Plymouth University tells female students not to complain about male-bodied students in their toilet
Plymouth University has backed the notices even after facing backlash
Plymouth University has been slammed for telling its female students not to complain about male-bodied students in their toilets.
The university erected signs in both the male and female toilets urging students to "carry on with your day" without complaining, staring or insulting any trans, non-binery or gender-questioning students.
The sign reads: “You are welcome here.
“Do you think someone is using the 'wrong' bathroom?
"Please don't challenge them, stare at them or insult them.
“Instead please respect their privacy, respect their identity, carry on with your day.
“They are using the toilets they feel safe in.
“Do not make them feel uncomfortable, instead protect them from harm.
“Trans, non-binary and gender-questioning students: you have every right to be here.”
The notice has sparked outrage from people across social media.
WomenAreWomen posted a tweet in response to the signage, which read: “Notice how explicitly doesn’t say that FEMALE STUDENTS are welcome. Repellent gaslighting.
“It’s evil. It’s deliberately gaslighting young women out of their boundaries and their legal rights."
While another user, Tracey Hill said: “Surely they could create a third space? So many vulnerable women have been victims to male violence, including in this city, and they tell them to not make a biological male feel uncomfortable if he is in their toilet?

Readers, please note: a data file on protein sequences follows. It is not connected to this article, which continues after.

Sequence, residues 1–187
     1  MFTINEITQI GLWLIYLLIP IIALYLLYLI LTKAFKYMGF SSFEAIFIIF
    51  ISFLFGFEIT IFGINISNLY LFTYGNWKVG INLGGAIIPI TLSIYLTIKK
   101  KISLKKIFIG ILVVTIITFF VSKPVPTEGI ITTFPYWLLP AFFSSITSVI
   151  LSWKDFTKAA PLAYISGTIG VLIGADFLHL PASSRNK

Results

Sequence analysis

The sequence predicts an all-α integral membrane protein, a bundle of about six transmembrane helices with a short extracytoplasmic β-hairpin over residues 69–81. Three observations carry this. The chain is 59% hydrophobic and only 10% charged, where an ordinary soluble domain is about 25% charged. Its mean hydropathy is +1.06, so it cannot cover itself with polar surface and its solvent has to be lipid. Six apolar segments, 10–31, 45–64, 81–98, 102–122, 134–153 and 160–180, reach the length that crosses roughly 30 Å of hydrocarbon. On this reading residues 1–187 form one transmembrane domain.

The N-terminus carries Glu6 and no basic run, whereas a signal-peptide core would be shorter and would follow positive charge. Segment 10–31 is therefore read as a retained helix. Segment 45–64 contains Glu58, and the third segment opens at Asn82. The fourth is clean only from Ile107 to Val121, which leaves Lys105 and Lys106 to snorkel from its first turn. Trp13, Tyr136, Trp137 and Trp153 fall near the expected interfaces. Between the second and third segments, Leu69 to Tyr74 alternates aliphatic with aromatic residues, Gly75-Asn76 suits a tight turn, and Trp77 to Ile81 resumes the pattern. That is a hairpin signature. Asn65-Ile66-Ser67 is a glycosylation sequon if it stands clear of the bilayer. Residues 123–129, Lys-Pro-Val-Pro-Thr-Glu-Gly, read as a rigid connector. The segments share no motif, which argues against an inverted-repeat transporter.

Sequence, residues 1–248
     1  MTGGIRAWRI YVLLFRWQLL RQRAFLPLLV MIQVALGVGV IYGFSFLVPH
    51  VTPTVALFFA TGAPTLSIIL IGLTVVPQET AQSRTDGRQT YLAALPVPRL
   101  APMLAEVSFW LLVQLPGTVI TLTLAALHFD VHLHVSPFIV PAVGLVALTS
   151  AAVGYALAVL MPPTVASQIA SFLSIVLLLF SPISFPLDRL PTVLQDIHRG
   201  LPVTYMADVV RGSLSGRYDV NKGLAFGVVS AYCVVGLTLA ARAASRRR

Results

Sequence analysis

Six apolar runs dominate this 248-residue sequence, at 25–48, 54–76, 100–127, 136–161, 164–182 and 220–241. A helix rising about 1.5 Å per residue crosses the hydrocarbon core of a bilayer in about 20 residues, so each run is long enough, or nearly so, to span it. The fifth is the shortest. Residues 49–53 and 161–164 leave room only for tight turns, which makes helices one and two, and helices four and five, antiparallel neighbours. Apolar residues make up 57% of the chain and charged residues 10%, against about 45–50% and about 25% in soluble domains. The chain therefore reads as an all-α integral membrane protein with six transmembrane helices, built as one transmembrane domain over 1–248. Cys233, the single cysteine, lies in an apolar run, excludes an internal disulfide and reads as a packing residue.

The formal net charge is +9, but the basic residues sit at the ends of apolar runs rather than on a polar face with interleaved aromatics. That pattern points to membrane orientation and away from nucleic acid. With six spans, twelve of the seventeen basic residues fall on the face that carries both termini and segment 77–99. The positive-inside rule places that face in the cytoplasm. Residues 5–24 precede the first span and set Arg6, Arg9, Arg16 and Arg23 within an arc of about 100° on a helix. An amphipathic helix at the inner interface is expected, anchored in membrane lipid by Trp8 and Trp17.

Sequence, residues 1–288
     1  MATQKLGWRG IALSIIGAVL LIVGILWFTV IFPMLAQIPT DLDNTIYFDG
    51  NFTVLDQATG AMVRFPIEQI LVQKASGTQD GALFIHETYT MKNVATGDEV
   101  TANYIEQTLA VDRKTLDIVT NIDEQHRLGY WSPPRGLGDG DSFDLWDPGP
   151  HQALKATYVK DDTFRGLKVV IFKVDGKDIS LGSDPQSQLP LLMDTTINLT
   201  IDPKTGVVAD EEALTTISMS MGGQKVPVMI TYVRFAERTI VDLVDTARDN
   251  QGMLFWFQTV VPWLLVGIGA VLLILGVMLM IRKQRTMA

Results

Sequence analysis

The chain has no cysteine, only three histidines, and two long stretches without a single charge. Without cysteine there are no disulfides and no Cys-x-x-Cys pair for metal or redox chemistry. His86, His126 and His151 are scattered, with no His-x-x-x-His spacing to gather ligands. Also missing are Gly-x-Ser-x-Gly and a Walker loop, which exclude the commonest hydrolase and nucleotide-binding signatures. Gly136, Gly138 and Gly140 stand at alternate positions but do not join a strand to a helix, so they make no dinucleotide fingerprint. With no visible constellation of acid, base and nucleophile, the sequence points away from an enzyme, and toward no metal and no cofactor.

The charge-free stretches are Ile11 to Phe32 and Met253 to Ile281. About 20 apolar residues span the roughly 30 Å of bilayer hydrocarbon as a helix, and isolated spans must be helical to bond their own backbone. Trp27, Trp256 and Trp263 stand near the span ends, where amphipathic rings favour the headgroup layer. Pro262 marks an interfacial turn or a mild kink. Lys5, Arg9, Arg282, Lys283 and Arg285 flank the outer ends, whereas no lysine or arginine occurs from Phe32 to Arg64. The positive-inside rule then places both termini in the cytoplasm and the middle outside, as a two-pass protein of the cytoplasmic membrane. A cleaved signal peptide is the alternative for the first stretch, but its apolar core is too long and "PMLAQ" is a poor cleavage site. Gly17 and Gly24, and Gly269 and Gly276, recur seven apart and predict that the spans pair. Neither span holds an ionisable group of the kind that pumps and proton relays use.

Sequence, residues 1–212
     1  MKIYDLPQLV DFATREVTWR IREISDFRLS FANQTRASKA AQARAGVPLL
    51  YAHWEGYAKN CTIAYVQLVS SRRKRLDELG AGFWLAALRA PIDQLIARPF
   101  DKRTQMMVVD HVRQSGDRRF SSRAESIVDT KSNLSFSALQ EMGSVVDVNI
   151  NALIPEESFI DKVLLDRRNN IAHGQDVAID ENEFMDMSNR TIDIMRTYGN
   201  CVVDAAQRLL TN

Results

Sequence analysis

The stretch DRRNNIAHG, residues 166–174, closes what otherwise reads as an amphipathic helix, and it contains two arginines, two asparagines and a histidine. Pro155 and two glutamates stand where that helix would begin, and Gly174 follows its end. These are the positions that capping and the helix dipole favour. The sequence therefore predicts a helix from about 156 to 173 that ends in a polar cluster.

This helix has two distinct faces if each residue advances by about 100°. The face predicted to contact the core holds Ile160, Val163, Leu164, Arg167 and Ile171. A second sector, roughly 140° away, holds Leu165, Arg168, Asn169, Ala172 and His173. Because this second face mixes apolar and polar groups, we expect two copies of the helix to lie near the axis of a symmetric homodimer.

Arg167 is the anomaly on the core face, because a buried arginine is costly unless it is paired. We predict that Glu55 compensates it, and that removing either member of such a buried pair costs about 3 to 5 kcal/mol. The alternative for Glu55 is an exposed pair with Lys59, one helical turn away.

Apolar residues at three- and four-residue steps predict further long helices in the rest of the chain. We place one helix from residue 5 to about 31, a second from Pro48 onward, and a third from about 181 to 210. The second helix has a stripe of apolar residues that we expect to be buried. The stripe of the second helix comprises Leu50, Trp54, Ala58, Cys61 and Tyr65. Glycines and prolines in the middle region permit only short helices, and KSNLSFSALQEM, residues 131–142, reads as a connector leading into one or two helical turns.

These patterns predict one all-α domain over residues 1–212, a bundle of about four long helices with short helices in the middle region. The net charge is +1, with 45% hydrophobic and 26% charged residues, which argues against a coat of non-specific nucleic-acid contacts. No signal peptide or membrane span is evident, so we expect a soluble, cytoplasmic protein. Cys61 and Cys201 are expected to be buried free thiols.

“Girls need to stand up to this and demand third unisex spaces.”
But Plymouth University have since backed the move.
In a statement, the university said: “Our campus has been designed so our staff, students and visitors feel comfortable and secure in their surroundings which includes single-sex and gender-neutral facilities.
“It is important to ensure that our whole University community can feel safe, respected and empowered.”
This comes as the trans debate continues to heighten, with Prime Minister Boris Johnson having his say on the matter earlier this month.
He said: “I don't think that it's reasonable for kids to be deemed so-called Gillick-competent to take decisions about their gender or irreversible treatments that they may have. I think there should be parental involvement at the very least."
Speaking at the New Queen Elizabeth II Hospital, he added: “I don't think that biological men should be competing in female sporting events.
“We will have a ban on gay conversion therapy, which to me is utterly abhorrent.
“But there are complexities and sensitivities when you move from the area of sexuality to the question of gender. There, I'm afraid, there are things that I think still need to be worked out.”
Mr Johnson continued by saying that women should have spaces "dedicated to women" in hospitals, prisons and changing rooms.
He said: "That's as far as my thinking has developed on this issue. If that puts me in conflict with some others, then we have got to work it all out.
"That doesn't mean that I'm not immensely sympathetic to people who want to change gender, to transition.
"It's vital that we give people the maximum possible love and support in making those decisions.
"But these are complex issues and I don't think they can be solved with one swift, easy piece of legislation. It takes a lot of thought to get this right."